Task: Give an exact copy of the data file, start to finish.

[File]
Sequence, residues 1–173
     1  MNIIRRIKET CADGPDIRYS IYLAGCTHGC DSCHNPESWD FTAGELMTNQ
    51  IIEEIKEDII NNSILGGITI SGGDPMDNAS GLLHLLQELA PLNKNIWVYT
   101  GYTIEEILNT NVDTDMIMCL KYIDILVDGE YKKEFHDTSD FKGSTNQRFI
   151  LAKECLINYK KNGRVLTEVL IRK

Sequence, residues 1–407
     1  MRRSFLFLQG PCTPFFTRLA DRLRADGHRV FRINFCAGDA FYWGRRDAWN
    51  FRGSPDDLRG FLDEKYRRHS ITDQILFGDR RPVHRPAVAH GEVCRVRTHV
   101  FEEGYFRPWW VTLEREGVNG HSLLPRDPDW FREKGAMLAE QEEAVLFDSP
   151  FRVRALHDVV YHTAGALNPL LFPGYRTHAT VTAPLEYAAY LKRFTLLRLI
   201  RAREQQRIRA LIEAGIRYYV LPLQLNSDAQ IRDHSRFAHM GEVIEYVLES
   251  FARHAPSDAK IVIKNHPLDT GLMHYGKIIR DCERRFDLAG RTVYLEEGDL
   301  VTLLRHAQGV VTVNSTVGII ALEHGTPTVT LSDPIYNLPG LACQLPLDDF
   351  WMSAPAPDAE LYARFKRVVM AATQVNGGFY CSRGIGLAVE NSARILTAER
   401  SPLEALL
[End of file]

Sequence, residues 1–173
     1  MNIIRRIKET CADGPDIRYS IYLAGCTHGC DSCHNPESWD FTAGELMTNQ
    51  IIEEIKEDII NNSILGGITI SGGDPMDNAS GLLHLLQELA PLNKNIWVYT
   101  GYTIEEILNT NVDTDMIMCL KYIDILVDGE YKKEFHDTSD FKGSTNQRFI
   151  LAKECLINYK KNGRVLTEVL IRK

Sequence, residues 1–407
     1  MRRSFLFLQG PCTPFFTRLA DRLRADGHRV FRINFCAGDA FYWGRRDAWN
    51  FRGSPDDLRG FLDEKYRRHS ITDQILFGDR RPVHRPAVAH GEVCRVRTHV
   101  FEEGYFRPWW VTLEREGVNG HSLLPRDPDW FREKGAMLAE QEEAVLFDSP
   151  FRVRALHDVV YHTAGALNPL LFPGYRTHAT VTAPLEYAAY LKRFTLLRLI
   201  RAREQQRIRA LIEAGIRYYV LPLQLNSDAQ IRDHSRFAHM GEVIEYVLES
   251  FARHAPSDAK IVIKNHPLDT GLMHYGKIIR DCERRFDLAG RTVYLEEGDL
   301  VTLLRHAQGV VTVNSTVGII ALEHGTPTVT LSDPIYNLPG LACQLPLDDF
   351  WMSAPAPDAE LYARFKRVVM AATQVNGGFY CSRGIGLAVE NSARILTAER
   401  SPLEALL